By the way, speaking of ice cream snacks, have you ever heard of Tofutti Cuties? They are ice cream sandwich bars made of -- you guessed it -- tofu instead of whatever the other ice cream ingredient usually is. I'm not sure if the chocolate cookie part of the bar is safe from the other harmful things you cannot eat, but you might check into it at the ice cream section of your grocery store next time. Kirk and I enjoy them (though they melt faster and stick to your fingers more easily than regular ice cream sandwiches), and we're not even restricted from the dairy and gluten stuff you are -- we eat them just because (we think) they're a healthy alternative and they're good! (Of course, I'll trust you to check them out and let me know if they really ARE a healthy alternative!) :)

  2. Ah, necessity is the mother invention, as they say. I have become tenacious in my pursuit of good "allowed" food. It is out there, just beyond those prepared and convenience foods I had gotten so accustomed to. I have always been a bit of a so-so cook, but being in the kitchen is starting to feel more natural now, and I am slowly learning what does and does not work. The first time I made the peanut sauce, I used so much rice vinegar that I nearly burned my tastebuds off, making my pinot grigio taste bland. Not good! So it is trial and error and I am most definitely learning as I go.

    I have heard of Toffuti Cuties - I know I couldn't have them with all the restrictions on my diet, but I may be able to now. I will have to check the label. Someone else made the recommendation to me as well, so I am going to have to check them out. Soy is so amazingly versatile!!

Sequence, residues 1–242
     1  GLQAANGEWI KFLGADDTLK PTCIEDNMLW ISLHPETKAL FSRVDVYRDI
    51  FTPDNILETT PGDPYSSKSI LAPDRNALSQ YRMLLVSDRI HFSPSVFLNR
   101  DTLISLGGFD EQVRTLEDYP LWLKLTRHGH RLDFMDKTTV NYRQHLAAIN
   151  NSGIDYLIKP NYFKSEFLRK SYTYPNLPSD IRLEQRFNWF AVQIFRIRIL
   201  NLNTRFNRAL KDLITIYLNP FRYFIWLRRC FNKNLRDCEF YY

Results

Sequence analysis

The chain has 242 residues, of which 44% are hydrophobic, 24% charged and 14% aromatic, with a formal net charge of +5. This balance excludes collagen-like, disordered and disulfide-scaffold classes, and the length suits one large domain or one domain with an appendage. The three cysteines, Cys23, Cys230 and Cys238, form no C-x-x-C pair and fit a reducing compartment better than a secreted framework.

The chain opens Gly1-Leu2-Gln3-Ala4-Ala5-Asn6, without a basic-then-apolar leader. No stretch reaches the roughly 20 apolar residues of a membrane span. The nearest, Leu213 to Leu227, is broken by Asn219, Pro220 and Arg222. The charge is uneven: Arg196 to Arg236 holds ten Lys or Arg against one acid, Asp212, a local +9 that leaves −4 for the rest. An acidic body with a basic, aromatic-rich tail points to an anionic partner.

3. Kirsten, do you remember when you came home with me over Easter break many moons ago while we were still in College? Two things stand out to me about that trip. 1) we tried our hand at some gourmet vegetable dish with herbs I had never even heard of, and 2) our lop-sided rolled fondant cake that we made.

    I think God made you an excellent cook so that you could more easily cope with your restricted diet. Most people in your situation wouldn't have the creativity (or patience) to come up with the delicious looking dishes you posted!

    I must admit, those chocolate almond creations are looking mighty tempting!

  4. Rebecca -- Thank you for your kind comments.

    How funny you should mention that! My mind was drawn to that memory not too long ago of our dinner and our cake -- I can't remember what inspired the memory, but I think of our lopsided fondant cake often! (And let's not forget the search for -- what ingredient was it? -- glycerin??)

    I'm so glad that this gift has been awakened -- I really would be lost without it and am unable to account for where it came from. OK, so that's not entirely true. It's obviously a gracious gift of God.

    I still marvel that while a few prominent sources of food are cut off for me, there is still an abundance to work with.

    Thanks again!!